military commissions

It's no secret that the Guantanamo Bay detention center is a huge government money-suck.
On Monday, the first day of the final week of hearings in the 9/11 case during President Obama's tenure, the Guantanamo military commission was focused on whether one of the five accused men had sufficiently recovered from hemorrhoid surgery to sit in the courtroom.
Among the many questions Donald Trump will have to consider when he takes office in January is whether to keep trying to prosecute the five alleged masterminds of the 9/11 terror attacks in the military commissions at Guantanamo Bay.
The military commission system is uniquely bad at bringing alleged terrorists to justice.
The problem with the Guantanamo military commissions is not the defendants' right to appear at hearings in their own trial. It's that the government keeps meddling in the cases in such cockamamie ways that they have to adjourn for months at a time while the lawyers scramble to figure out how to respond. And that's just the tip of the iceberg.
Watching the procedural details getting worked out can get pretty boring, which is why you won't hear many news reports about it. But underlying this dragged-out ho-hum process is a critical fact: The government could have avoided putting itself on trial and instead focused on seeking accountability for the mass murder that took place simply by conceding its mistakes from the beginning and working out an accommodation in an experienced federal civilian court.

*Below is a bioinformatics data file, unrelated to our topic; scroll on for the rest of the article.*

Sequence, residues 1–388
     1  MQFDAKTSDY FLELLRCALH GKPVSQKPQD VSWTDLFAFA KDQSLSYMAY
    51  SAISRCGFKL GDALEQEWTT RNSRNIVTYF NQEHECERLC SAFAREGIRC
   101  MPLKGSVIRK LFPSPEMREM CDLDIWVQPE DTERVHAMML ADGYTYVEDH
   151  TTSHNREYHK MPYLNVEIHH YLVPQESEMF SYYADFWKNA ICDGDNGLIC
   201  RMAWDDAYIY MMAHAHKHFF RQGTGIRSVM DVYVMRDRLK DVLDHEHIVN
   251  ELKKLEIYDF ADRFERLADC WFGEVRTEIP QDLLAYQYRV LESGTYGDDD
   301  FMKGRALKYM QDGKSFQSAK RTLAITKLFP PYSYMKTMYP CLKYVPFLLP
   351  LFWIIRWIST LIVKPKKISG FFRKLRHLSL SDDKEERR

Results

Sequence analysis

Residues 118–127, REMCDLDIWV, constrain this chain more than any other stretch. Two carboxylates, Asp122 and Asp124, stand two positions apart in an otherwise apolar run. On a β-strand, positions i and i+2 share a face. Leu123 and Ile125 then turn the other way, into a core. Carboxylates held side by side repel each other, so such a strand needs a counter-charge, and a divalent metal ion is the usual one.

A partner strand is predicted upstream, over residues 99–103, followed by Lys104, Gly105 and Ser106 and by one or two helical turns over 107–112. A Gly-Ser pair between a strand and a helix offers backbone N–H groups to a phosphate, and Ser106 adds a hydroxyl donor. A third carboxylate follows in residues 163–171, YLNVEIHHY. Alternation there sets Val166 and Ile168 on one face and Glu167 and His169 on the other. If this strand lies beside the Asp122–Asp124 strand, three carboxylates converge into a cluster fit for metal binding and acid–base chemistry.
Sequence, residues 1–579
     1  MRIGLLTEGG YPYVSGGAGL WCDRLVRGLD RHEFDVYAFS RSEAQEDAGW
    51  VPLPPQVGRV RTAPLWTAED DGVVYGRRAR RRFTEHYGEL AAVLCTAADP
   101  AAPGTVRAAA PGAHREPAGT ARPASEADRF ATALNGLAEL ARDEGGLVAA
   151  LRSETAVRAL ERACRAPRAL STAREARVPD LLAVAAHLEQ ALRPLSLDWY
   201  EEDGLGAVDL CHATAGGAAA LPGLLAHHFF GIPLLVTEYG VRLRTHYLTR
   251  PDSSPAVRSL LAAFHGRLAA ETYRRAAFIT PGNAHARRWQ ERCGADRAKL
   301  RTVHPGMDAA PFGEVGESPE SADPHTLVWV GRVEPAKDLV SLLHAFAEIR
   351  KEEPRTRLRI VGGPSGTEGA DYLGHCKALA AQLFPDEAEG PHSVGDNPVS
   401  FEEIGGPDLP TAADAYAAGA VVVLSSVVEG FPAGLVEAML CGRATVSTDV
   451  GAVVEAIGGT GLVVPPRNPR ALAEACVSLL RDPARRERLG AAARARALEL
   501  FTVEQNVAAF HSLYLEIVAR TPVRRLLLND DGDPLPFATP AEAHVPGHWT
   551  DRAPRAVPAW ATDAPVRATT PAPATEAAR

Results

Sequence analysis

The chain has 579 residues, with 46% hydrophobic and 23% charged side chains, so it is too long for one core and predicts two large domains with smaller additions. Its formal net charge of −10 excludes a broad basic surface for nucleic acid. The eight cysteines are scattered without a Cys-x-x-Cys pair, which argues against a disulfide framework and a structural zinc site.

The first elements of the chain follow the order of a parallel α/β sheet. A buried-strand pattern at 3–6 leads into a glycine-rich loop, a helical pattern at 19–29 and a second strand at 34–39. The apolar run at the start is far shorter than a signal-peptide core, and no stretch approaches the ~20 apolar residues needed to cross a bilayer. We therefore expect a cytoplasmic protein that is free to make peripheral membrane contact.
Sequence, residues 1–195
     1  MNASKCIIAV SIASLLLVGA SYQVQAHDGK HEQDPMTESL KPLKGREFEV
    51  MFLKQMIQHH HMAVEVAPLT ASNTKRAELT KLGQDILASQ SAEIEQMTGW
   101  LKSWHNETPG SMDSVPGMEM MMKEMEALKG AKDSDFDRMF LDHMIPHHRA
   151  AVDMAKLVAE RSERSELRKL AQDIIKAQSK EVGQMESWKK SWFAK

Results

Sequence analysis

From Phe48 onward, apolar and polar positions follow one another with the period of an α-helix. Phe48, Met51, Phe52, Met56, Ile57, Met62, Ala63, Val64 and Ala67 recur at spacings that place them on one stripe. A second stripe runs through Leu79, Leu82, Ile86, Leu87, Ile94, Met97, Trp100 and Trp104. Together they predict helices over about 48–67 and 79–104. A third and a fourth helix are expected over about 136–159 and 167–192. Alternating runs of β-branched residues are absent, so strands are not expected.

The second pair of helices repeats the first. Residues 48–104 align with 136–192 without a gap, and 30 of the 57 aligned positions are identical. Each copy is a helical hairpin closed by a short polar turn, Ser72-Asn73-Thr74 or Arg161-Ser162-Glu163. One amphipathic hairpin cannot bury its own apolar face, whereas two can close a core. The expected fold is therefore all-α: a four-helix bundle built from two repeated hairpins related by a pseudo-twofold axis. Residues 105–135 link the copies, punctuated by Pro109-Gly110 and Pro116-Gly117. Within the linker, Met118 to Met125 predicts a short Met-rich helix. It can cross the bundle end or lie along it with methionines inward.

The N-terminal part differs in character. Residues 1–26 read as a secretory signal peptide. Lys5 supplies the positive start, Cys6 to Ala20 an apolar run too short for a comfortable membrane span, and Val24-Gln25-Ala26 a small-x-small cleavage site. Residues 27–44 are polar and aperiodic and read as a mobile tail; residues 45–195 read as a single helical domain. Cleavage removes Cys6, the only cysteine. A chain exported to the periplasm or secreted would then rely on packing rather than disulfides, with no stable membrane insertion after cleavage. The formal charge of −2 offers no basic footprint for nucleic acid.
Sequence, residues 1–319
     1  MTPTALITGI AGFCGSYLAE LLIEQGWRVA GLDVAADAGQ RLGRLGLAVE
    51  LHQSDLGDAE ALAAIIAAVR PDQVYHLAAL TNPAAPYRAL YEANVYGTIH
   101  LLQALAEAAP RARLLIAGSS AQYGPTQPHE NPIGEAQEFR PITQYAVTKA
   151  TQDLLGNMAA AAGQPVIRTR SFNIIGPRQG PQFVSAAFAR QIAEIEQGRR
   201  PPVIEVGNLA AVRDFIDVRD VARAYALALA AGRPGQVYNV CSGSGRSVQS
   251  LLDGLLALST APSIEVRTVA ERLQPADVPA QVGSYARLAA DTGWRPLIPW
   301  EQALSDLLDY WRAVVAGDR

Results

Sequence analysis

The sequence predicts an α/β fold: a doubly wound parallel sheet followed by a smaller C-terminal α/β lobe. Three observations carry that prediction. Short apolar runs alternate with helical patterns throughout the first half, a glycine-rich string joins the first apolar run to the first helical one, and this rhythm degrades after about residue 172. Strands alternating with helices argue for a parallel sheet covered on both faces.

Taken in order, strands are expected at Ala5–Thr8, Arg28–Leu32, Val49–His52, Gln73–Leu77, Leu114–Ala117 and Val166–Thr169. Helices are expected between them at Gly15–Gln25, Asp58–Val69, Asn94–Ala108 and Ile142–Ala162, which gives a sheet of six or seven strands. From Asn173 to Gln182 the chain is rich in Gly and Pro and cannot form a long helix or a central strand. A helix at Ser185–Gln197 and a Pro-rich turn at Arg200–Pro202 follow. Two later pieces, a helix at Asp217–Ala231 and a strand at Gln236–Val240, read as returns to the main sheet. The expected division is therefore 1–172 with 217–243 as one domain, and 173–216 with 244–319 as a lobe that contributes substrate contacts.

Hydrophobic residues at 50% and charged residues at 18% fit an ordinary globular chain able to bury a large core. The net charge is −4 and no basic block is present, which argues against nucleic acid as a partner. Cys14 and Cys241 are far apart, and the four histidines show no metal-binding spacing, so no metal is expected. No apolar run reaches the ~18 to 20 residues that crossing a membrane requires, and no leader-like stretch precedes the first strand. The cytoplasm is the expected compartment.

It shouldn't have been such a difficult issue. After all, defendants on trial for mass murder in a death penalty case often aren't happy with how things are going. That may include being disappointed with their lawyers. But that's in federal court. The military commissions are different.
President Obama has been saying for the past eight years that he wants to close the Guantanamo Bay detention center. Although Congress hasn't made it easy, his insistence on continuing to prosecute these cases in the military commissions only undermines the credibility of his convictions.
The injuries that resulted from the government's "excessive force" have gone untreated.
The Guantánamo Bay military commission is a secretive court that uses secret evidence chosen by the prosecution and often denied to the defense, where secret agents spy on the defense without consequences.